(b. 1862, Wien, d. 1917, Budapest)
Evening in March1902
Oil on canvas, 116,5 x 141,5 cm
Magyar Nemzeti Galéria, Budapest
"An Evening in March" portrays landscape in a realistic fashion. Yet Ferenczy's picture contains more than meets the eye: it is not only orthodox churches and white stone-walls, but the peaceful atmosphere of a town in sunshine, nature preparing for spring, the fragrence of cool air and the azure of the sky in Nagybánya: a late afternoon in May. It is surprisingly new what takes place in this picture: this is the very moment when sunshine appears in Ferenczy's painting, it is not sunshine glimmering through leaves but warm brightness flooding the picture. The twilight makes everything, stone-walls, trees, people and animals more colourful. There are long dark shadows stretching only along the earth in the foreground and the silhouettes of carriages are sharply projected on the white stone-wall as if figures of a shadow theatre. Ferenczy again composed a picture: the long stone-wall and the Fekete-hill behind it make up a long horizontal strip which runs along the picture-plane in the middle of it. The old birch tree on the left and the vertical form of the church tower make them a solid composition.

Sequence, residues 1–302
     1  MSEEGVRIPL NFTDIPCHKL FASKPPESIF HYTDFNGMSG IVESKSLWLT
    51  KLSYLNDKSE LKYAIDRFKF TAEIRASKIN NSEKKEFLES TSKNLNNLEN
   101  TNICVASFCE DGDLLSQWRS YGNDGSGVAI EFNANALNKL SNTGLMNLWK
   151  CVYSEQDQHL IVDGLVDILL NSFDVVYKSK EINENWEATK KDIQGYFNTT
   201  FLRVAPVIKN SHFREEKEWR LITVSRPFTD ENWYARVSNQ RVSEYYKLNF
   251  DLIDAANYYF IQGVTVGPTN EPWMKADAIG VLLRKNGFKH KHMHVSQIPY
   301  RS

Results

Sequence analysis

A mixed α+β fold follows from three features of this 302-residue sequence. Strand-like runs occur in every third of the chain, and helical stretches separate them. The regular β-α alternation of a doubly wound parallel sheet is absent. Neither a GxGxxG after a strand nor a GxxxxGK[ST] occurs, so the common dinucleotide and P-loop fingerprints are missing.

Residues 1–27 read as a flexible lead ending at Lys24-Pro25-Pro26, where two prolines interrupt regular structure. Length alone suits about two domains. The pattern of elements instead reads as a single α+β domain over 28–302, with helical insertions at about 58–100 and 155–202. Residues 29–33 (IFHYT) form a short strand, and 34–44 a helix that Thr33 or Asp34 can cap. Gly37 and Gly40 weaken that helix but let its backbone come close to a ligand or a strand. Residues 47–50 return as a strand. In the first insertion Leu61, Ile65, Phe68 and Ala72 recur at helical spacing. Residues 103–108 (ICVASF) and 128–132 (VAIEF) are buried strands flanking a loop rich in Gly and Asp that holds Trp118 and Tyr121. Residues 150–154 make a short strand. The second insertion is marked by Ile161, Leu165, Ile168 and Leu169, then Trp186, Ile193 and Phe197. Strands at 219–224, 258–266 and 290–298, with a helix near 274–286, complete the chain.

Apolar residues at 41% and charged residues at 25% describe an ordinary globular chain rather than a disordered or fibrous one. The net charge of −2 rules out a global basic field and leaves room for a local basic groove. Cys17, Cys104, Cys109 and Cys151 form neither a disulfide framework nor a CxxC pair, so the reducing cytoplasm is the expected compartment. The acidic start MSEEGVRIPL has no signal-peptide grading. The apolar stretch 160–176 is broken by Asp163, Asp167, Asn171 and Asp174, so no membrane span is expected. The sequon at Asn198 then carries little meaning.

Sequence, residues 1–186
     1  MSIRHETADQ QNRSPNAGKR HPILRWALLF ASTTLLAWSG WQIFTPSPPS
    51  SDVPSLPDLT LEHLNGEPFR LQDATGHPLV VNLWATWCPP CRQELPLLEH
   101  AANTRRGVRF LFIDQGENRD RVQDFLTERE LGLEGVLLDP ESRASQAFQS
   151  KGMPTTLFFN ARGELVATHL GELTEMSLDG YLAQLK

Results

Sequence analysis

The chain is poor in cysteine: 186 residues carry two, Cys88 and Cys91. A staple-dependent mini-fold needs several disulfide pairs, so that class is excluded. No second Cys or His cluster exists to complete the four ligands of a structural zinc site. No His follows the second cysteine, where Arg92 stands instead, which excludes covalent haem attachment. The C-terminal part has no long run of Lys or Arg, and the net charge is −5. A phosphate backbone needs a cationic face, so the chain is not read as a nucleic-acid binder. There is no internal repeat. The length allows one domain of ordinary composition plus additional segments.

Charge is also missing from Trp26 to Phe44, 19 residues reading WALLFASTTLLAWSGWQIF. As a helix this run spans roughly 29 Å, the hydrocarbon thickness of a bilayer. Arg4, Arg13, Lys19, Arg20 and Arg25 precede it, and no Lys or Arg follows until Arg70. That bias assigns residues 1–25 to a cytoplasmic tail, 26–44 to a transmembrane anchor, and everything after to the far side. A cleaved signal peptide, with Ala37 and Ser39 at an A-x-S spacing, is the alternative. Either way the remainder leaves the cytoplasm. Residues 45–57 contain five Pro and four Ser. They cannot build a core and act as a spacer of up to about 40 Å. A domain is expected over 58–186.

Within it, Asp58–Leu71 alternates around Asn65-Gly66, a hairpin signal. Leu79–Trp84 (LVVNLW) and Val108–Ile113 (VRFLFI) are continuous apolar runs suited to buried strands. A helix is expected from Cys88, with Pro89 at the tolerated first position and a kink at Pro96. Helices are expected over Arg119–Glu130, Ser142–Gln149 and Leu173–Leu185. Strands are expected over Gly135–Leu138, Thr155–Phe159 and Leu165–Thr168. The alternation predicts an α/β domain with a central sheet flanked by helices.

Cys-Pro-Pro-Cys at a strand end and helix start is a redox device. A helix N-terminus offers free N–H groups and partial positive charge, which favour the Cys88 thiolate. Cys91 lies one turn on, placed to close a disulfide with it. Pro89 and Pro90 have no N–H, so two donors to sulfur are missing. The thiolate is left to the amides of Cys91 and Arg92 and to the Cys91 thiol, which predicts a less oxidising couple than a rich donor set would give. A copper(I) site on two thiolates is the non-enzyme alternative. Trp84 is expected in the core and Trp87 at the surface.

This composition consists of light and shadow besides forms and lines. The boundary of the horizontal line in the middle is drawn by light and shadow. The dark, shadowy foreground finds its counterpoint in colour and form in the bright sky. The monotony of the stone-wall is broken by carriages and their shadows. The counterpoint of the church and the church tower can be found in branches of pussy willows with the bright azure of the sky glimmering through.
It is largely due to the strong contrasts of light and shadow that it was lithographed (in fact, it was the only lithograph that was made on the basis of Ferenczy's works), although he simplified the composition for this purpose, made the contrast of dark and light stronger and light and shadow were contrasted in more homogeneous surfaces.